In Boston, a veritable festival marked the departure of much praised Irish Consul General, Orla O'Hanrahan, to Dublin as joint director general of the International Fund for Ireland. Her own farewell in the Copley Plaza on Wednesday was the culmination of a week involving seven Irish society tribute parties and, unusually, a lunch hosted by mayor Tom Menino. At the Plaza, a $50,000 grant to UCC's famine centre was announced and Senator Ted Kennedy sent an effusive letter of praise. Among the 300 guests were six presidents of local universities. Bill Bulger of the University of Massachusetts, a former Senate president, made a speech. Little wonder that local journalist and MC Brian O'Donovan described the farewell as "a long Irish goodbye" noting that he had heard at least one guest asking "are you not gone yet?"

ULSTERMEN are taking over the Euro institutions in Britain. Dermot Scott from Ramelton, Co Donegal, has been appointed director of the London office of the European Parliament and Belfast's Jim Dougall, formerly of RTÉ, is the new head of the European Commission office. Scott was deputy head of the Parliament's office in Dublin for 20 years to 1999 and since then, has been head of the Parliament's new office in Edinburgh.

Another Irish Euro-highflyer, Catherine Day, was to be conferred with an honourary NUI doctorate at UCD last Friday but she was detained in Bali where she is leading the EU side in the negotiations on global sustainable development policy. The talks ran into difficulties, so Day, who as EU director general for environment is now the top Irish woman in the Commission, had to forget her native Dublin and stay in the South Seas.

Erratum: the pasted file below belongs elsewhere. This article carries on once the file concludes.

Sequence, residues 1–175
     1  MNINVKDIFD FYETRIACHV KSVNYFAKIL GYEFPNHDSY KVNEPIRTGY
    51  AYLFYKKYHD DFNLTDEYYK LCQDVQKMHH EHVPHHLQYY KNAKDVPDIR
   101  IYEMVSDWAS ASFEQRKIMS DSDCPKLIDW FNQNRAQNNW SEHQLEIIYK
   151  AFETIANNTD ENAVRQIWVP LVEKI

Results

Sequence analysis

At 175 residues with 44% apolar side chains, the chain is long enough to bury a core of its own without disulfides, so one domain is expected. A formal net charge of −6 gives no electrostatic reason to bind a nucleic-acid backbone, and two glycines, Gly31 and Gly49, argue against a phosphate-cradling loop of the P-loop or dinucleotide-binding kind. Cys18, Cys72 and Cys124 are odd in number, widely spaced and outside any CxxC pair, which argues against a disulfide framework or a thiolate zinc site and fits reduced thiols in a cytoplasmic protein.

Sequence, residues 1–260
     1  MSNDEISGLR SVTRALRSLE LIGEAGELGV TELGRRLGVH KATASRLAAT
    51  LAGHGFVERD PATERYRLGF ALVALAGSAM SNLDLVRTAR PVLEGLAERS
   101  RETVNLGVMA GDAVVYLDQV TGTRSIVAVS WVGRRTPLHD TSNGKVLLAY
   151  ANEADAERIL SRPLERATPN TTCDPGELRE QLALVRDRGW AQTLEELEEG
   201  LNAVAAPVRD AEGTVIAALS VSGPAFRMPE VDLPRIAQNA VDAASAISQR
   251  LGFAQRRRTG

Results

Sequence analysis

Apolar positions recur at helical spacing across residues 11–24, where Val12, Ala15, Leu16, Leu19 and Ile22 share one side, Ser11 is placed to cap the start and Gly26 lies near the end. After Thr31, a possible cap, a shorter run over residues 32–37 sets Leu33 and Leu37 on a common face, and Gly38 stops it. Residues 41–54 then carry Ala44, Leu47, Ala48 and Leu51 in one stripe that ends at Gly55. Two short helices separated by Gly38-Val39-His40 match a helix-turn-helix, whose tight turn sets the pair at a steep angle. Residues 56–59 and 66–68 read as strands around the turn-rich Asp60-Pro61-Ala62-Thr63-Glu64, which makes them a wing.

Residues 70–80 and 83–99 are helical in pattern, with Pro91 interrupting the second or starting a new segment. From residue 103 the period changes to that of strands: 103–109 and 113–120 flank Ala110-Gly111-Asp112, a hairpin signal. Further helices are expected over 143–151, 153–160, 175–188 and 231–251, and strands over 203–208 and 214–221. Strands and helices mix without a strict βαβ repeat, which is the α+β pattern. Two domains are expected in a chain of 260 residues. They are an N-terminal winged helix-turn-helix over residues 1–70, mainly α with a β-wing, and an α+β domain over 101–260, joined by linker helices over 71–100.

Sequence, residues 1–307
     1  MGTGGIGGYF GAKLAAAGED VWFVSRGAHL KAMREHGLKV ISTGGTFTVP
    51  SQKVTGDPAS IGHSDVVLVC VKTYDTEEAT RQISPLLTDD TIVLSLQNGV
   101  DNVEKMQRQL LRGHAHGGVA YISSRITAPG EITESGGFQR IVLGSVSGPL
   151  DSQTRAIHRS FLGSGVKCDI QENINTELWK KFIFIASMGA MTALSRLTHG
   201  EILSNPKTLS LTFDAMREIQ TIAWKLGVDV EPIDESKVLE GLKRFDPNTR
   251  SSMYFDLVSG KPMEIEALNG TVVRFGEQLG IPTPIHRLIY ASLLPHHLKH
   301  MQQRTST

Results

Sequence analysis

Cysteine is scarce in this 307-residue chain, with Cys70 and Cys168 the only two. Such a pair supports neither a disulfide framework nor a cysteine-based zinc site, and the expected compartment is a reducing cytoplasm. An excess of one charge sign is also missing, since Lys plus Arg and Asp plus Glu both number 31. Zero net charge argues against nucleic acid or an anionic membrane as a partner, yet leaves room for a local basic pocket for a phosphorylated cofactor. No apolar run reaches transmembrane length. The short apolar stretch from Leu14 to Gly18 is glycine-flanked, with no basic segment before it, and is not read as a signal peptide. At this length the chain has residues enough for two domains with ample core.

THE new AG, Rory Brady, seemed to have his tongue in his cheek as he thanked the equally new Minister for Justice, Michael McDowell, for all the promises he had made on his behalf at the launch of the Irish Women Lawyers' Association. McDowell said that, as AG, he had always attempted to ensure that women got a fair share of state work, and he was sure his successor would do the same.

Despite Brady's protests, this seems likely in the light of his support for the new association which, as well as networking, aims to make submissions on equality and other relevant issues to the Government.

Its first chairwoman, Miriam Reynolds SC, pointed out that when chairman of the Bar Council, Brady had fully supported the women lawyers conference in 2000 and had proposed the inclusion of an equality clause in the redrafted code of conduct for the Council, which is about to go to members for approval.

Maureen Harding Clark, the first and only Irish judge at the UN war crimes court in The Hague, promised to desist from "war stories" on the struggle of women to achieve equality at the Bar, but could not resist a few. There were dinosaurs still lurking in Jurassic Park, she warned. And they weren't just an Irish phenomenon - at least once a week security personnel in The Hague questioned her right to enter the court through the judges' entrance.